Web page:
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Hawks are elegant birds of the prey family Accipitridae. These birds are diurnal which means that they are most active in the early mornings and the evenings, when they spend their time hunting for prey. Hawks originate from deserts and fields and can be found in Central America, Jamaica, and the West Indies.
There is a lot to know about these fascinating birds, who are highly intelligent and have varying lifespans depending on their species and environmental conditions. Understanding the history and conditions that the hawk requires in both captivity and the wild can give you a good idea as to how long these birds live.
In this article, we will give you a detailed breakdown of the hawk’s average lifespan, interesting lifestyle facts, and a collection of information that will give you insight into just how long these birds can live for.
In the wild, a hawk’s average lifespan in the wild can span up to 20 years. It is more common for a hawk to live for 12 years, especially if their environmental conditions reduce their risk of survival. In captivity, it is common for hawks to live between 15 to 25 years, which exceeds their average wild lifespan.
Unlike most birds, the hawk’s lifespan heavily depends on biological conditions and external environmental factors, rather than genetic factors. This means that hawks are potentially going to live longer if they are kept in the right conditions where they follow their natural biological processes (active during the daytime, eating the right prey, and kept safe from poisons).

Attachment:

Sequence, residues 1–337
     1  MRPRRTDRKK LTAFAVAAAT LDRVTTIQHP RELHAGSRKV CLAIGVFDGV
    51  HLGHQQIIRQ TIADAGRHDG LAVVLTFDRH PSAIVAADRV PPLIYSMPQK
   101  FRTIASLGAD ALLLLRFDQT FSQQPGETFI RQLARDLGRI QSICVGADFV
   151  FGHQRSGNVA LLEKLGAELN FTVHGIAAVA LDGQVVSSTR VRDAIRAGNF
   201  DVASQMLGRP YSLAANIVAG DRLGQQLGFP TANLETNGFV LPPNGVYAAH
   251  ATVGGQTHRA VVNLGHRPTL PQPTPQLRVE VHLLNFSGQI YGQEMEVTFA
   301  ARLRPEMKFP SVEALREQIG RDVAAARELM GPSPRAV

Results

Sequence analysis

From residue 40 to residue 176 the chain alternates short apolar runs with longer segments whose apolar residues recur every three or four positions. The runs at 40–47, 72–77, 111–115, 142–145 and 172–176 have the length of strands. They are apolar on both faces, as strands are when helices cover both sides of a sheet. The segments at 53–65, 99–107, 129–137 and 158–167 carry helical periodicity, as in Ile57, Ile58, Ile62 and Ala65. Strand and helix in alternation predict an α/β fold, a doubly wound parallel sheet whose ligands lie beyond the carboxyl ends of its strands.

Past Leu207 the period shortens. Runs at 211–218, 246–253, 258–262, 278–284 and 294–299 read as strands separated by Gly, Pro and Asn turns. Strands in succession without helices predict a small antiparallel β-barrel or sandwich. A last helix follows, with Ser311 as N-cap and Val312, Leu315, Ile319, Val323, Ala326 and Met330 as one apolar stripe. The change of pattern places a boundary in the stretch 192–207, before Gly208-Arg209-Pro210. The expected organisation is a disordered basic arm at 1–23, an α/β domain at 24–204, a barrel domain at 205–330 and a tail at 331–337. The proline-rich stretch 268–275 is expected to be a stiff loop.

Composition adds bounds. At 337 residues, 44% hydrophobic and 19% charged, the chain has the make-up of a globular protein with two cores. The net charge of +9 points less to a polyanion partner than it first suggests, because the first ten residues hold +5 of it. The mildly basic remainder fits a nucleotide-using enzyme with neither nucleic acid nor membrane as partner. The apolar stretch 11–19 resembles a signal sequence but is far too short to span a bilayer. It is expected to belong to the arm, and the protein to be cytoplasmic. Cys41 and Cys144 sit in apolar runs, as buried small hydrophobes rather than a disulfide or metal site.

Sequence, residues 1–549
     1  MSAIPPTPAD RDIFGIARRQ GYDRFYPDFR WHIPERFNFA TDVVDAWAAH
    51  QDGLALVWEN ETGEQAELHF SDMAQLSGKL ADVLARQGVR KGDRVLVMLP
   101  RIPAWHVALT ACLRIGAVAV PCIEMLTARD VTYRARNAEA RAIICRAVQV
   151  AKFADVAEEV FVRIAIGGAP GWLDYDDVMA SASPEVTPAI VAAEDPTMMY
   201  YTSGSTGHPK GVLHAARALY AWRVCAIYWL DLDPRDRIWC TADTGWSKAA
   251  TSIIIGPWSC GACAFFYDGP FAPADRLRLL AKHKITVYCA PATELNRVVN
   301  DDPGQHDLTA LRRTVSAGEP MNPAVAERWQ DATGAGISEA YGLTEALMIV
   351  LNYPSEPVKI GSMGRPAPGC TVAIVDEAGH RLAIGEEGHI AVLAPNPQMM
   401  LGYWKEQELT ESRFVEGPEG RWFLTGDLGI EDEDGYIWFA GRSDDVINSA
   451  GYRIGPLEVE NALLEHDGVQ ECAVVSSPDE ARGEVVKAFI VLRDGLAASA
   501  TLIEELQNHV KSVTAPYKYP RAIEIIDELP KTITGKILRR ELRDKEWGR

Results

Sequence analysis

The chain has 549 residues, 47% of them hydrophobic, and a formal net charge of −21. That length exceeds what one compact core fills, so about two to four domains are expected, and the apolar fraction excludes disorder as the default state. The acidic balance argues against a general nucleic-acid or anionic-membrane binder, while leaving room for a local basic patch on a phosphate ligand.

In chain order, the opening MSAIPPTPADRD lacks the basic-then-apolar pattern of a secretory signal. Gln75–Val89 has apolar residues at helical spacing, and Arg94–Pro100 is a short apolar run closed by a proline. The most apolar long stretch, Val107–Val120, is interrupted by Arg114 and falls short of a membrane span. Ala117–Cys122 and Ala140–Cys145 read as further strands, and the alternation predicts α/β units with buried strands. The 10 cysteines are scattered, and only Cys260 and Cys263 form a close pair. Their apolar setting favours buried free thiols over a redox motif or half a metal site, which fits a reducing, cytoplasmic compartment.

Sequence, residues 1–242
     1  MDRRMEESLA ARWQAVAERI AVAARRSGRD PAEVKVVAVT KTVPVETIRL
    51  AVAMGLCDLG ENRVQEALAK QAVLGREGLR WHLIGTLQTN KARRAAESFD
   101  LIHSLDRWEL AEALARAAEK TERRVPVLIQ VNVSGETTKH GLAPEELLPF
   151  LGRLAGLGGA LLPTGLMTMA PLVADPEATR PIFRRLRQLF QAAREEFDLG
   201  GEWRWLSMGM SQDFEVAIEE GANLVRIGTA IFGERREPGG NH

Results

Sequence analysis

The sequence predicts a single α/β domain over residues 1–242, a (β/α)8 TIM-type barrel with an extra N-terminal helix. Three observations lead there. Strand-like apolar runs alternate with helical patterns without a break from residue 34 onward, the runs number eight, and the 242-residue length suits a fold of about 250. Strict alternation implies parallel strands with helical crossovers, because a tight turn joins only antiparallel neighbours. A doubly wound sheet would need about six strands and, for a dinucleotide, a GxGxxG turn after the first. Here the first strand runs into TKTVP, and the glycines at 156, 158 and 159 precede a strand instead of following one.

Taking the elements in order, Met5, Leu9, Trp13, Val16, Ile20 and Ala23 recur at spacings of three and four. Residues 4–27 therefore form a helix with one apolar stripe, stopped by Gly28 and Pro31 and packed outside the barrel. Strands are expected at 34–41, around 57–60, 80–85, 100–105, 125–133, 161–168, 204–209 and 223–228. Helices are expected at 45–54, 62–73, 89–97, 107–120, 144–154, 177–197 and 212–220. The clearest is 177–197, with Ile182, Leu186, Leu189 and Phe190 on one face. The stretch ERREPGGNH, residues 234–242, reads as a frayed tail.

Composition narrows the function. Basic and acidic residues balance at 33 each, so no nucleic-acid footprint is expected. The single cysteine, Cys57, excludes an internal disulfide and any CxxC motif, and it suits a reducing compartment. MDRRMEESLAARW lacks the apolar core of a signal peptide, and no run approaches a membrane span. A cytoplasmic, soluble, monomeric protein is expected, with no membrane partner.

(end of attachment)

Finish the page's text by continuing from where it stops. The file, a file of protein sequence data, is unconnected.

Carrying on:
Since there are so many species of hawks in the wild and kept in captivity by wildlife rehabilitators, these are the most common lifespans of the following species:
|Red-tailed hawk:||10-15 years|
|Eurasian sparrowhawk:||20 years|
|Common buzzard:||8 years|
|Black kite:||15-20 years|
|Northern goshawk:||20-25 years|
|Cooper’s hawk:||15-20 years|
These diurnal prey birds primarily feed on smaller animals such as snakes, mice, rats, rabbits, smaller birds, and squirrels. Interestingly, most of their prey are nocturnal, so hawks must work extra hard to find their ideal prey when they are most active during the day.
Hawks are obligated carnivores and do not supplement their diet with plant matter, so if you do have a hawk in your care, you must provide these intelligent birds with live prey so that they can follow the proper biological process of stalking, hunting, and finally eating their prey. Their captive diet is identical to their wild diet, and you can purchase feeder mice or rats to keep them satiated. Mixing up their diet will ensure that your hawk is receiving a balanced amount of nutrition to keep them strong and healthy, and further improve their lifespan.
Sadly, hawks that live near humans are more likely to be purposefully or accidentally poisoned as the mice and rats that they eat are usually infected with oral poisons that result in a hawk’s early death. This is fairly common, and one of the main reasons wild hawks live for such a significantly less amount of time than they would in captivity under strict human care. Humans are destroying their natural habitat, which makes these birds move to urban areas in search of food and habitation where they have a lower chance of survival.
Hawks inhabit temperate climates that are highly diverse, where the winters are cold and the summers are hot, which is why the hawk can successfully live in the harsh conditions of deserts. Hawks can adapt and tolerate a wide range of conditions as they are hardy birds. Hawks that live in northern areas will migrate south for the wintertime, and those that live in milder climates will stay there.